A couple of months ago I wrote to President Obama and asked that he appoint me to be the U. S. Volunteer Czar.  I wanted the job because I’m so confident that volunteers could fix pretty much everything that’s wrong with this country.  Instead of the appointment, I got a lousy form letter that thanked me for my concern, but never mentioned anything about my thoroughly researched and thoughtfully written letter.

But I’ve come up with an even better idea.  What we need more than a Volunteer Czar is a Shopping Czar.  This occurred to me yesterday when one of the news channels reported that a cruise missile costs $160,000,000.   In the past I have ignored reports that my government pays $125 for an ordinary hammer and just under a hundred bucks to feed lunch to one of our soldiers.  But A HUNDRED AND SIXTY MIL FOR A MISSILE?  That’s insane!

For the record I pride myself in being a great shopper.  I NEVER pay retail.  A sign reading “80% off” doubles my heart rate.  I’m one of many friends who I consider skilled at this trade.  All of us clip coupons, scout sales and can recite from memory the best place that’s web-based or within 200 miles to buy anything.

I’ll bet I could have gotten us that missile at least half-off.  Maybe we could have found some that were just past their expiration date, or were last-year’s model or perhaps something slightly used or with a couple of scratches or dents.  Once they explode, who would know?

I know I can do a lovely homemade lunch for under eight bucks (maybe ten, with packaging and shipping) and I found perfectly good hammers at Home Depot for under $15, and there were a couple in the clearance bin on sale for  $7.  Some of my friends are positively addicted to shopping and would likely volunteer a few hours for free.  Forget the paid position; I could get hundreds of folks lathered up about shopping for cheap missiles.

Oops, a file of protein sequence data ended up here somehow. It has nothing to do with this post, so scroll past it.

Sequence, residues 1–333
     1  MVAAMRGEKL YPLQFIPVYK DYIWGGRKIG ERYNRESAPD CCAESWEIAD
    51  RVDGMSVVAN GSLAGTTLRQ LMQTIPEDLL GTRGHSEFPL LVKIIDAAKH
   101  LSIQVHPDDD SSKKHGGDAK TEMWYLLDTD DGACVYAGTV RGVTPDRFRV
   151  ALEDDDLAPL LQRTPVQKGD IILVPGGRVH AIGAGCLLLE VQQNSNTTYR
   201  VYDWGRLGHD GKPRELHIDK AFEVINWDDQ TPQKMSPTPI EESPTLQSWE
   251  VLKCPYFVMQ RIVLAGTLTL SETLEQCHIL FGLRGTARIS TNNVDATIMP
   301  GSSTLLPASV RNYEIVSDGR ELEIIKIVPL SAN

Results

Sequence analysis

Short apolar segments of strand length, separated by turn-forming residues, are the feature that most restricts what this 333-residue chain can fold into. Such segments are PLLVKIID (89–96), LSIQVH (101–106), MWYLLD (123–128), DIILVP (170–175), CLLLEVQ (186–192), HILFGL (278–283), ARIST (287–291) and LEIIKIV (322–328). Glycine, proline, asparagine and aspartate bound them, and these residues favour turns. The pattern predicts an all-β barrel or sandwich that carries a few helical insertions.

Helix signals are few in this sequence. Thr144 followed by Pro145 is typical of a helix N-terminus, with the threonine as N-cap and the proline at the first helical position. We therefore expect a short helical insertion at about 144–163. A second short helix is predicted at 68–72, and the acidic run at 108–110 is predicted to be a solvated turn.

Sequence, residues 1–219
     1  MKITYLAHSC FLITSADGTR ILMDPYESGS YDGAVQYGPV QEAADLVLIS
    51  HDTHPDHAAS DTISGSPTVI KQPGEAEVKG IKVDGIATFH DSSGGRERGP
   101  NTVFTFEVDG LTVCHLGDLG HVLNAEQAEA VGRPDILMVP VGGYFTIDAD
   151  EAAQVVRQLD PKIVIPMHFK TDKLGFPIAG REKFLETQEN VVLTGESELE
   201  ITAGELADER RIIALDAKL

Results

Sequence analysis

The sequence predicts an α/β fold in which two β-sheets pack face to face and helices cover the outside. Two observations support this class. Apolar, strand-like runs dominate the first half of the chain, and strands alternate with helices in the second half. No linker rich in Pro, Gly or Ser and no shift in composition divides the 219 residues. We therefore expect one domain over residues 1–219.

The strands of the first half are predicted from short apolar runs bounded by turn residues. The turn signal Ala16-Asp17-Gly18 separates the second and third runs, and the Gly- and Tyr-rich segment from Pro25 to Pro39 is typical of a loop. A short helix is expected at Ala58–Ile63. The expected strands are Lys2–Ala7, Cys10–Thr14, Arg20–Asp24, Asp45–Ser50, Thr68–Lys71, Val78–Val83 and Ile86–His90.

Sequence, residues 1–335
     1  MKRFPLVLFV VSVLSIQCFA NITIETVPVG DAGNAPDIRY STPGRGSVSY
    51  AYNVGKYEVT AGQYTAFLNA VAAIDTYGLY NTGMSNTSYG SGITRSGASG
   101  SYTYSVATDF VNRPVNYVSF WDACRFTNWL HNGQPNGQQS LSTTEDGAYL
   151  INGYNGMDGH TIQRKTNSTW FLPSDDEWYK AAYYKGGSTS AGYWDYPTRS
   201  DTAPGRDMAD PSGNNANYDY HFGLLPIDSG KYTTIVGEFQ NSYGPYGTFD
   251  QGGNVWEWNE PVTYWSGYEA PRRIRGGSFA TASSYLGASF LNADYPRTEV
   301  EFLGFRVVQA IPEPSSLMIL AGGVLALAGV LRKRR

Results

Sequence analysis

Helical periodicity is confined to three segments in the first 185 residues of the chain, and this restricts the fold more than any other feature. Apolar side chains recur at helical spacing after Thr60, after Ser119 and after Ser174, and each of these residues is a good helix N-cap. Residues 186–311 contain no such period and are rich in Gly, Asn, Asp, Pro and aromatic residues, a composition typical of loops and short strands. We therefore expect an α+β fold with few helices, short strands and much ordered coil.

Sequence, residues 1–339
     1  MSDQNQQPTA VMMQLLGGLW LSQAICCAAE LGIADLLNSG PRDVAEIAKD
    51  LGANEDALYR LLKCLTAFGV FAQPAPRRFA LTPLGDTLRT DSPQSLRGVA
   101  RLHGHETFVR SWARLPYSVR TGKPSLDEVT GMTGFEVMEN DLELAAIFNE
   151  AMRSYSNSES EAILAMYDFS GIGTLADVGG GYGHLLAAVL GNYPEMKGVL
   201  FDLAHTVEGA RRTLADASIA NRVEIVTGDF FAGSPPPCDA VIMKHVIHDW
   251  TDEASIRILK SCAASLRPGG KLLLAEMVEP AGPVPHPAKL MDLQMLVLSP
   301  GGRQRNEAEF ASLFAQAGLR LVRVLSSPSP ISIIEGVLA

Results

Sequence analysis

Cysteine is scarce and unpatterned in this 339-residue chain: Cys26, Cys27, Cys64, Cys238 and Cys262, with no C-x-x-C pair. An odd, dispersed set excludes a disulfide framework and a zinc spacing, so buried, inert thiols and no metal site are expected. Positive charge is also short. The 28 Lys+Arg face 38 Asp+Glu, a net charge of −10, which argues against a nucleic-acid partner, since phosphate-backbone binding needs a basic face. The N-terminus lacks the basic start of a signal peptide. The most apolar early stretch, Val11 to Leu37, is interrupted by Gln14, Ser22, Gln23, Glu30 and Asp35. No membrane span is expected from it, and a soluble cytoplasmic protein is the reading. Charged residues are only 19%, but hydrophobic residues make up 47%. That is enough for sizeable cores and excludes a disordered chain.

I know exactly how our government makes purchases.  They use a thorough and complicated bidding process.  But their contracts lock them in for as many as 50 years.  That’s craziness.  I sincerely believe that if the contracts were shorter and more flexible, AND if our contractors guaranteed the lowest price in the marketplace, both our national debt and budget would shrink considerably.  With our purchasing power you’d think we could get a volume discount at something close to cost.  Instead we appear to be paying a healthy “sucker” premium. 
Please send me your thoughts.

I never burned a bra, the underwires were so hard to light with a Bic but I have quietly fought against the glass ceiling for all of my adult life.  I remember in my early career complaining to management that the other executive at my level was male and made 40% more than I.  The boss looked stunned at my ignorance when he responded flippantly, “Well of course he does, he’s a guy”.  Laws were there to protect me at the time.  But I feared losing my job and being tainted for future opportunities.  I stayed on and I’ve done OK. 

I’m not a rabid Hillary Clinton fan.  She angered me when she tried to make health care mandatory for all part-time employees back in the 90’s and I was a struggling business owner.   Her plan would have put me out of business.  But I found the March 14th Newsweek article, The Hillary Doctrine most compelling particularly side-bar Gender Matrix.

Here are some of the facts assembled by or extrapolated from the data collected by the World Economic Forum: 

  1. Educating a girl one year beyond the national average boosts her earning power between 10 and 20 percent
  2.  Countries with higher levels of female secondary-school enrollment have lower infant mortality, lower rates of HIV and AIDS infection, and better child nutrition.
  3. The WEF 2011 Gender Gap Index shows that a nation’s prosperity correlates with the level of parity between women and men (in education, health, economic opportunity, and political empowerment).   Countries with the smallest gaps in 2010 were Iceland, Norway and Finland.  Pakistan, Chad and Yeman had the largest.
  4. According to the WEF, the U.S. could boost its GDP by as much as 9 percent by putting more women in leadership positions in business and government and working harder to correct pay inequities.
  5. Women still only earn 77% of their male counterparts for equal work.
  6. In the Asia-Pacific region, countries are losing between $42 billion and $46 billion a year, according to the WEF by restricting women’s access to the workforce.
  7. When women earn their own money, they spend on their families at more than twice the rate of men.